I keep needing and wanting a definition for grace. Is it a quiet blanket that provides calm? Thrown over a situation it melts away the impurities, the untruths, the frenzy and leaves only goodness. Grace is a peacemaker. It slows a building of energy. It appreciates every one as a creature of God. It balances Godliness with freedom of choice. When freedom abounds, fast and furious, grace, like a warm fleece blanket, douses the flame a bit, protects the Godliness. Reminds us what we truly are.

Grace is quiet. Grace is confident. I think of Mom when Grandma Murphy died. I was frenzied. Mom wasn’t cooking! How had the system broken down? Mom always cooks! Then the food began to arrive. Neighbors, friends and family appeared at our door with plates and bowls of food. Not necessarily a call beforehand, no scramble to vacuum a floor or clean the table off. Quietly, calmly Mom accepted help. The thing is Mom knew before the knocks came to the door. I can’t count the number of times I’ve been talking with Mom about, “What are you up to today?” And she is making food for someone. The guys are in the field and need sandwiches. A neighbor is ill. A farm friend has died. A young mother has a very sick little boy. Mom has worked it out. Grace through caring for others. At least while eating, those families have a half hour of warmth from someone who cares, the pain is momentarily eased. Mom’s cooking is her gift. Mom’s appearance at a friend’s house with a meal is grace, a fleece blanket to help the situation seem more bearable. Mom has shown me the power of grace not only in giving it but, perhaps more importantly, in accepting it.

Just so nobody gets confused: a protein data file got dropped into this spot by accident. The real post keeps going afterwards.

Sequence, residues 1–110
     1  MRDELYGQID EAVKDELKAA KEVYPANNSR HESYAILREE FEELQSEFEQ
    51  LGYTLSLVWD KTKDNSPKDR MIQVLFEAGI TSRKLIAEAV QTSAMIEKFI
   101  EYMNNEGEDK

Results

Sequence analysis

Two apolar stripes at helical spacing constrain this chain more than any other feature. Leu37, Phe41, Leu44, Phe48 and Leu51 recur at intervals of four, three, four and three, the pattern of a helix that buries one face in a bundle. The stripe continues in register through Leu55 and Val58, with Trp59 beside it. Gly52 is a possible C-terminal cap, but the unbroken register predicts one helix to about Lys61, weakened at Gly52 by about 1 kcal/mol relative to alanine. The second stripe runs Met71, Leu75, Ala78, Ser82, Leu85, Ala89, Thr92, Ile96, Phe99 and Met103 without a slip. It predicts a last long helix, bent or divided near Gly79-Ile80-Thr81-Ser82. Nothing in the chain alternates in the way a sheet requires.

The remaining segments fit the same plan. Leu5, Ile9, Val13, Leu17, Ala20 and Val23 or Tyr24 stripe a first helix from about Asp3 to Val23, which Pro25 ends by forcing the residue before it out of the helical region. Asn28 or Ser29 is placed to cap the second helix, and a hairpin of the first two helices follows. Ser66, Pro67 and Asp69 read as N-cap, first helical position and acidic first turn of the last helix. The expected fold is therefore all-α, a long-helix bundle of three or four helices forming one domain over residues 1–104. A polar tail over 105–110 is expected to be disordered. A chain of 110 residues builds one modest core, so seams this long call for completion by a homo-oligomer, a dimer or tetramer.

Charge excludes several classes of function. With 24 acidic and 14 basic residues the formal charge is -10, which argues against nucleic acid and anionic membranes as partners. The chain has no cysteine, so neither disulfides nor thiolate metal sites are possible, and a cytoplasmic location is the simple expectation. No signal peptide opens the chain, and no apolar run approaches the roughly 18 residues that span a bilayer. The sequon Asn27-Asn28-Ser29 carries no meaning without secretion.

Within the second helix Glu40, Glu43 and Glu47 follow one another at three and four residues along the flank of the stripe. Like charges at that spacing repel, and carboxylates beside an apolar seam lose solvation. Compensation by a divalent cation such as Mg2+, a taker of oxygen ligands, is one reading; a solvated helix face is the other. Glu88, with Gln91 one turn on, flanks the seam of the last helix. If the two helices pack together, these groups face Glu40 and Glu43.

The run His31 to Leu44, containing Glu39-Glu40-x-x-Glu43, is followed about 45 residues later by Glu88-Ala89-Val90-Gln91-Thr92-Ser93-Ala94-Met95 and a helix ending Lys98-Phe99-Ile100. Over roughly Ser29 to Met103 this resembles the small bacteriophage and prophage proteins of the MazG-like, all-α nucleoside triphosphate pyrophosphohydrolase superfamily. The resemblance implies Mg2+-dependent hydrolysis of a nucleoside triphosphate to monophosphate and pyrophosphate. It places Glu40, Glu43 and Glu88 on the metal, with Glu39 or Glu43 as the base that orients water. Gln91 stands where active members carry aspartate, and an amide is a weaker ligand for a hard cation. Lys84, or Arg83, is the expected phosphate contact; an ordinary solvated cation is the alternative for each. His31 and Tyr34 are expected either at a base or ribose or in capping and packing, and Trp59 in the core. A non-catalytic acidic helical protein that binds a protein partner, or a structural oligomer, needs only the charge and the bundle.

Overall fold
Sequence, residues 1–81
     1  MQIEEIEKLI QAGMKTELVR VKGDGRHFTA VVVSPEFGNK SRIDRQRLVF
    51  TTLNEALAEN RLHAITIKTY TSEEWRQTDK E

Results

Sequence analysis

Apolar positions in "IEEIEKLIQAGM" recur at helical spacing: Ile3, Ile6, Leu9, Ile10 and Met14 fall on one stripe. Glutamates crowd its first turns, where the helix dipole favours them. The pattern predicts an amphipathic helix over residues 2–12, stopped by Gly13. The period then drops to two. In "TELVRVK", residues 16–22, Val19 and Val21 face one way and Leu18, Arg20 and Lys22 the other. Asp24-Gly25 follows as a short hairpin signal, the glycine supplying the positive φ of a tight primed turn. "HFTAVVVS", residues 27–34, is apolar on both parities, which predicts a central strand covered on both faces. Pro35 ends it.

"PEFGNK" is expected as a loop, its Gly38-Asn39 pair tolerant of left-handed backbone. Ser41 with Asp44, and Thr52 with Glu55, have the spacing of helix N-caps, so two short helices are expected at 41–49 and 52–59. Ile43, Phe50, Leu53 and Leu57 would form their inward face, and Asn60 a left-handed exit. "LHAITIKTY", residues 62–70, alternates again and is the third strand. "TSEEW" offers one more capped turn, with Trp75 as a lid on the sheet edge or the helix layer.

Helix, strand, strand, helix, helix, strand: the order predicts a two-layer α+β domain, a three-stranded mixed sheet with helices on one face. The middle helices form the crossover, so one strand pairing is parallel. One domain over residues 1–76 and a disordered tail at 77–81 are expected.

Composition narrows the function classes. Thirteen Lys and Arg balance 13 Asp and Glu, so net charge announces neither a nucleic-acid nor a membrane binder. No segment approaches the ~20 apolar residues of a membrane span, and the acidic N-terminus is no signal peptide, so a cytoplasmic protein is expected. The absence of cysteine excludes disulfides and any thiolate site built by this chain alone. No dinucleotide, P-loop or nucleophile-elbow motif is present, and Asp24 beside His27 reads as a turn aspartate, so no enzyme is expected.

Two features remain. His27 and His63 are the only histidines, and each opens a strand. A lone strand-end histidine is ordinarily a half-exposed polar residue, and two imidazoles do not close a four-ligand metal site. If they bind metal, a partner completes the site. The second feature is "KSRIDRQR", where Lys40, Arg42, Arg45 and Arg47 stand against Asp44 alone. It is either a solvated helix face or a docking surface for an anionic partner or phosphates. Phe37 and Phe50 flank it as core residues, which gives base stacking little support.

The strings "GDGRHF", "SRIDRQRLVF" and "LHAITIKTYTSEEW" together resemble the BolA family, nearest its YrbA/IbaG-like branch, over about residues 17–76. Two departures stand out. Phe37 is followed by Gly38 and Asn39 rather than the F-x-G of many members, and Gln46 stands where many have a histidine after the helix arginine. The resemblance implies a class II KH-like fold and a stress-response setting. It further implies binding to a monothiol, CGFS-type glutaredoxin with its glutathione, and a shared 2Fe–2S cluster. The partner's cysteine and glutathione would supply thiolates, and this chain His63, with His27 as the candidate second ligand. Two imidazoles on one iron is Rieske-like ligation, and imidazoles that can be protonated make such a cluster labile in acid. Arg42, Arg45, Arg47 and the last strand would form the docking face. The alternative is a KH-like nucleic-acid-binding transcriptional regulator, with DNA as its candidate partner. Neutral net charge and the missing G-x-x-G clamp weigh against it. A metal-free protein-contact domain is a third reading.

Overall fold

But what do I do with it? I pray for God’s grace that I in turn may be graceful, gracious, full of grace. It’s a beautiful word and I sometimes recognize grace when I see it, but I have a hard time conjuring it up. Perhaps that’s the problem. Perhaps grace is a slow simmering pot of delicious stew, melding all the flavors together. And after stewing for a couple hours, the bubbles pop emitting not the smell of ingredients, but the smell of stew. It’s a culmination of events that produce grace, but yet, it’s not produced. Grace just happens.

But how to deal with it? Emitting grace is more imaginable, easier perhaps, than accepting grace. In our lives, busy and full, grace seems more elusive. However, in every day, there are tiny but great moments of grace. Sadly, our society misses many of these because we’re self-absorbed in the to-dos, should-dos and really need-to-dos. As a parent, some moments, thankfully, hit me in the face. A scream from the living room, “Mom!!” A frenzied return from the kitchen, “What?” A reply, “I love you!” “…Oh.” Like being tapped by the wing of an angel. A gift of grace. And if I dry my hands in the kitchen and go to the living room and hug my cherub, that’s accepting grace.

This brings me back to my biggest quandary: recognizing and accepting that more subtle grace as it moves about daily. How? First the world needs to spin a bit slower so that I can “see” grace when it happens. If only grace traveled as a recognizable fleece blanket, neatly folded, I could keep my eye on it. Then when I see it expand and cover something, that would be my “aha” moment. Assuming it’s spotted, and, oh dear God, it’s going to land on me. Do I want to be covered? Shall I run? Why? What will I do when it lands? Frenzy. I close my eyes. I plant my feet. I am quiet. I feel the tap of an angel wing. It’s beautiful, heavenly. And all I can return is a whisper. “Thank you.”